Unless you live under a rock, you’ve probably heard someone say, “They unfriended me (you).” Even if you don’t have Facebook, the origin of the phrase, you’ve probably still heard it. Even as I typed the word “unfriend” spell check tells me it’s not a word. Others say it is.
Have you unfriended anyone? Have you been unfriended? I answer “Yes” and “Yes.” I’m not writing to debate should you or shouldn’t you. I’m wondering how we got to the point that unfriending someone on a social site is anywhere indicative that an end has come to our real, life friendships. Admittedly, I’ve unfriended others for reasons of either safety or just stagnant accounts (no activity), but to live in a world where “I unfriend you on Facebook” is easier than going to tell someone that you have a problem with them…not an option. In fact, I would call it a cop out. Even functioning within the social website itself has become evidence that we, as grown adults, do not know how to communicate. We take a great tool for keeping in touch and turn it into a place to vent (haven’t we all done that?), a place to write who we are associated with (“I just had a great dinner with ______”), or give an inaccurate picture of our real life (how many times do we post only the good parts of our lives?). Now, let me stop here and say that I do not think that you are an awful person if you’ve ever done any of these. I write those things from my viewpoint…one that has come to me through experience of having done the very same things. I have been thinking a lot lately about how we can hide behind social media and begin functioning very similarly in our everyday lives. We hide people on Facebook…we hide having to confront them in real life. We read a status about people hanging out together and we somehow think they’ve excluded us. We read statuses about our virtual friends having a bad day and we judge them for posting negativity instead of reaching out to make sure they are OK. OR how about the times we ourselves have reached out to another through messages or encouraging wall posts to only be ignored. How easy is it to just cut off the care of others in the virtual world, only to have it show up in our lives in the real world.
I joined Facebook with the purpose of connecting with many people with whom I attended High School in Venezuela. As my friend lists grew, so did my inability to handle the drama, the feelings of being left out, and even fear when I received friend requests from people that somehow knew me, but I didn’t know them. It became a lot for me to handle. My point is, however, that I had to learn to handle it. The hide button has become a favorite feature of mine. For those times where some of my virtual friends post constant negativity, or better yet, flood my wall with virtual games, I often click “hide”. This, to me, doesn’t mean I hide them all together from my life…especially if we live in real, life community. I go back and check in with them from time to time to see how they are doing…for the very reason I wrote about above. That person that constantly posts hurtful stuff very well may be hurting inside (“Hurt people hurt people”). I’ve blocked people that I may feel a threat to the safety of my family. There are reasons behind that due to stories I’ve heard of pastor’s families being targeted on Facebook. Call me anal if you want, but learning to navigate a virtual world that can get your real life messy is something I want to take every precaution to guard. Where virtual world becomes hard sometimes is being on the receiving end of “the unfriending” by those in whom you have sought to invest. It leaves me feeling baffled. Why? When you have a problem with someone, you go to them (Matthew 18).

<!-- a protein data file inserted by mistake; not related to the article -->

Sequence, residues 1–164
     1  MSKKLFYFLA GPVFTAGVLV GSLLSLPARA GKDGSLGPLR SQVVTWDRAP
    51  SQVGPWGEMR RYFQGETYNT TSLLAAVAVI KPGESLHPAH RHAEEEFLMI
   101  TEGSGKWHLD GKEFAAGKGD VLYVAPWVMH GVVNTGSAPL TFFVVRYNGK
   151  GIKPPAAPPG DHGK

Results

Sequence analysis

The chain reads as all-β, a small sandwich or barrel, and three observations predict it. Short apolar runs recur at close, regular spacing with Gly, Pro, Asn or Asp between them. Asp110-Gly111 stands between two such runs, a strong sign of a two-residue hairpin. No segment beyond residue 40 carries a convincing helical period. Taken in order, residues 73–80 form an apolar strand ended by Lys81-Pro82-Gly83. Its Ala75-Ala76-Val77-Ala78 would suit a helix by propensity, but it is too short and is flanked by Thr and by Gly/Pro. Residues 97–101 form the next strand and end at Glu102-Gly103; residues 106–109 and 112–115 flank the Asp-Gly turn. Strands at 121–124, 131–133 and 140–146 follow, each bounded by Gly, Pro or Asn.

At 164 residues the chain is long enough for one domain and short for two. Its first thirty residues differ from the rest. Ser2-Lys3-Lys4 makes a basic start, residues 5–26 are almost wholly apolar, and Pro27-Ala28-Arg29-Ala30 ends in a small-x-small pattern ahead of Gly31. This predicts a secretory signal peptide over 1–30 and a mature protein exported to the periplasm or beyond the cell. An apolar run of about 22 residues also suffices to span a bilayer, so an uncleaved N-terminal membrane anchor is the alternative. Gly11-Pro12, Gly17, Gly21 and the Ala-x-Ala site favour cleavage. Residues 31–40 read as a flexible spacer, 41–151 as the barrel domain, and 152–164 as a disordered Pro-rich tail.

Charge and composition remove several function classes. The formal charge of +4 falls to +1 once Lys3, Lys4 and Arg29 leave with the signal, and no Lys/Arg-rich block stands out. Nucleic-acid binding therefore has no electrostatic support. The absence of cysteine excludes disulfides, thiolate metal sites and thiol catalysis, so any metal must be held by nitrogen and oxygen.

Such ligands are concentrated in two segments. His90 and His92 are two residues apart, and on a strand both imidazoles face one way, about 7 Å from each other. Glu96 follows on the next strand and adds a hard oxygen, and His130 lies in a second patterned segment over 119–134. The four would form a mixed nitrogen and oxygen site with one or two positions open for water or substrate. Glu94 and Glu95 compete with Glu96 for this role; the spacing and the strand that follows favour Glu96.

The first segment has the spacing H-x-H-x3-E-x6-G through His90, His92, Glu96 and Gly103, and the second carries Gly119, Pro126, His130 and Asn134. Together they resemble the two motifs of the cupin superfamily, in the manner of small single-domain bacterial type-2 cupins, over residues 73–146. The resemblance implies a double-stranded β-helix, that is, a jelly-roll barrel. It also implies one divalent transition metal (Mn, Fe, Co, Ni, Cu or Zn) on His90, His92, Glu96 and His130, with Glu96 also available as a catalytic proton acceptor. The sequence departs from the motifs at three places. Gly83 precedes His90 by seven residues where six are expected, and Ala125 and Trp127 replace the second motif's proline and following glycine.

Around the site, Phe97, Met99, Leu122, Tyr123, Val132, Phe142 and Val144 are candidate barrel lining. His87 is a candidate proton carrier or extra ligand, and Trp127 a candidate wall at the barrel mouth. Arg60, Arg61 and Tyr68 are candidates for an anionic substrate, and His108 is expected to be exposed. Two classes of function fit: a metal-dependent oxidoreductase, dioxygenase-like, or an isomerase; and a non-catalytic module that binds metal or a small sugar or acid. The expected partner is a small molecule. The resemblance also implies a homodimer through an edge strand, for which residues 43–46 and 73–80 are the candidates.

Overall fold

Let’s not forget we are living in a real world with real problems as we navigate through the virtual. In my mind I say, “Do I want my kids to read that?” “Am I being an encouragement to others?” “Am I showing vulnerability and humility?” “Have I excluded others from my life through the things I post?” Most of all, let me encourage you to face your problems and insecurities head on. Waiting on a day when your unfriended one wises up and realizes you’ve cut them off from your virtual life isn’t gonna cut it. Unfriending in the virtual world often leaves you being the bitter one, when the unfriended is none the wiser to your efforts to remove them from your life. Is that what we are doing? Removing others from our lives when we remove them from our “friend lists”? My husband posted a great quote yesterday that I believe sums it up…”We attack in others what we fear the most about ourselves.”(author Anonymous) Find that fine line… Are you handling your virtual world appropriately, or is it sucking the life from you? It always goes back to this…to have friends, you must be one. Friendships must be tended to. Use the gift of the virtual world to enhance, not destroy real life relationship…least, in the end you find yourself unfriended all together.